AS IF A NINE-INNING GAME wasn't long enough, Braves slugger Chipper Jones wants Major League Baseball to consider the

implementation of instant replay.

"Anything to get calls right," Jones told the

Associated Press yesterday.

The gripe stems from umpires bungling

home-run calls on back-to-back nights. The

first gaffe was in a Sunday night game between the Yankees and Mets in which a Carlos Delgado jack was deemed foul. The very next night, umps mistakenly ruled a ball off the centerfield wall in play at the Astros' Minute Maid Park. The call was so fuzzy, it prompted a reconfiguration of the yellow line on the outfield wall the next day!

Now while the NFL, NBA, NHL and some NCAA sports do use some type of instant replay, I feel that putting it in baseball is just going to make a long game even longer.

Don't get me wrong, I like baseball, but to introduce instant replay almost ensures that every manager will challenge every questionable tag,

every ball down the line and every close play at home plate.

Just think how much time that will add to a game that already takes aeons to conclude.

"The commissioner is not a fan of it," MLB executive Bob Watson said. "He calls 'instant replay' getting the umpires together and trying to get the call right. That is instant replay in his opinion."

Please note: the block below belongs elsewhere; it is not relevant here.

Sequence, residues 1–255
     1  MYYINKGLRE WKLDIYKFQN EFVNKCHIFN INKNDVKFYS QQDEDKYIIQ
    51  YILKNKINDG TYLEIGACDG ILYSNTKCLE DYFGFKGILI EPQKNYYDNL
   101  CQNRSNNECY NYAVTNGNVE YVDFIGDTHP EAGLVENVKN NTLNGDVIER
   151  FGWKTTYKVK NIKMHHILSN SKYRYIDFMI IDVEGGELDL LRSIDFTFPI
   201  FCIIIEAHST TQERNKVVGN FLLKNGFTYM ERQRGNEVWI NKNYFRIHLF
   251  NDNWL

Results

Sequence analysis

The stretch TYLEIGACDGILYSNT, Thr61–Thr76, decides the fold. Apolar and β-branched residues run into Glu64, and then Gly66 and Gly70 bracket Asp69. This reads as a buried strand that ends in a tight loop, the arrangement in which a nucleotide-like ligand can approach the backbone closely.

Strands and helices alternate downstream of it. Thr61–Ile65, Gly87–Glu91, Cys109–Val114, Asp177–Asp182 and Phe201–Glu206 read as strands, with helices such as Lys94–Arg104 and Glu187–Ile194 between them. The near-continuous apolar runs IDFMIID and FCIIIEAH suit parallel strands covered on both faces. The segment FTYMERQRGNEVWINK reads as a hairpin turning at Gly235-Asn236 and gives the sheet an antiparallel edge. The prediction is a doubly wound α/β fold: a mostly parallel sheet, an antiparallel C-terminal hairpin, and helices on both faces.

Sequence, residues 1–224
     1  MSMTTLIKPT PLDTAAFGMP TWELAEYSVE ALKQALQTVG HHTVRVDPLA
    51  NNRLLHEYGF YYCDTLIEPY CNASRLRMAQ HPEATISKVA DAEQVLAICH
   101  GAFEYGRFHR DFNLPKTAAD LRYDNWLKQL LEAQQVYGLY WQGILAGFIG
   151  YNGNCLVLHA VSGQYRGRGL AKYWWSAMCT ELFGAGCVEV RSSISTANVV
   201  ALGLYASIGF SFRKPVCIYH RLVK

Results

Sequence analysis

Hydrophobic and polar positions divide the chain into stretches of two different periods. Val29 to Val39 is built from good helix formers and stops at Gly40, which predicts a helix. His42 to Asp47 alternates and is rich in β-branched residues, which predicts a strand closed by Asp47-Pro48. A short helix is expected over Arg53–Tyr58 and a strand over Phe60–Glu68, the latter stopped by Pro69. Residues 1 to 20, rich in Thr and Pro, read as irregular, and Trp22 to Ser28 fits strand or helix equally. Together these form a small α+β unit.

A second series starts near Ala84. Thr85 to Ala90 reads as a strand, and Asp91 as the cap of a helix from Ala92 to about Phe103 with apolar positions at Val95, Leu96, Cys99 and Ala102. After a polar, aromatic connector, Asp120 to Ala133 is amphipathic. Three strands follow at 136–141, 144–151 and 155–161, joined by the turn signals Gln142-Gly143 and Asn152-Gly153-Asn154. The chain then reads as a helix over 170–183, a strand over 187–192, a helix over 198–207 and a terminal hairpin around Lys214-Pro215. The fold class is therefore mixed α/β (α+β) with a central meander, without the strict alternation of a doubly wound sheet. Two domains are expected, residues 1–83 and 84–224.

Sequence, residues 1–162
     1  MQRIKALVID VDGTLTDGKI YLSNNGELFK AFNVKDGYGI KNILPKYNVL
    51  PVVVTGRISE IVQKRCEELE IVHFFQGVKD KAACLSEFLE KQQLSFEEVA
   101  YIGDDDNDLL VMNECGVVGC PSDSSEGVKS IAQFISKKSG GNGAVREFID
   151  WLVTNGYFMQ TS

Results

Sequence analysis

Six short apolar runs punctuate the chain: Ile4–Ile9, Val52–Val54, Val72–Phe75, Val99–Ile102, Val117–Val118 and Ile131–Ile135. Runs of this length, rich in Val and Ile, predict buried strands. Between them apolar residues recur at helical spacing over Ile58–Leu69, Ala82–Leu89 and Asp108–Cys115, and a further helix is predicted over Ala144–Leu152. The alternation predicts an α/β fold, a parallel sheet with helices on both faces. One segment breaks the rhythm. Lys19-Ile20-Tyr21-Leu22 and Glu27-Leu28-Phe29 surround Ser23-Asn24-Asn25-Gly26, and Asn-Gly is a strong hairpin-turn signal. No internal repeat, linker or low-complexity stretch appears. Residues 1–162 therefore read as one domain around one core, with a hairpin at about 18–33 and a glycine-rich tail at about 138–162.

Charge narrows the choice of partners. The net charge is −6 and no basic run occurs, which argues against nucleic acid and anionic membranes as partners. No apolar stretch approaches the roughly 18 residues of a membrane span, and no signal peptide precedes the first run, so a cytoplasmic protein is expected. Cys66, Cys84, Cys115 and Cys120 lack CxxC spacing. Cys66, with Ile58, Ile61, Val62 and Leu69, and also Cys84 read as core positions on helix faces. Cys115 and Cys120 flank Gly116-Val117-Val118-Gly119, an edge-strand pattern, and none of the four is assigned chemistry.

Gotta agree with the commish here; you're telling me that four umpires during the regular season and six during the postseason can't come to an executive decision?

Still, according to the AP report, some believe that baseball could bring replay to life in the

coming years, testing it out initially in spring training and minor league games.

However, true baseball traditionalists think it will never come to fruition, like Mets reliever

Billy Wagner, who surprisingly takes my sentiment on the whole idea.

"What makes the game good is the human element of it. The mistakes; like the strike zone," Wagner said. "Those are human decisions. If it's right or wrong, you just go with it."

- Kerith Gabriel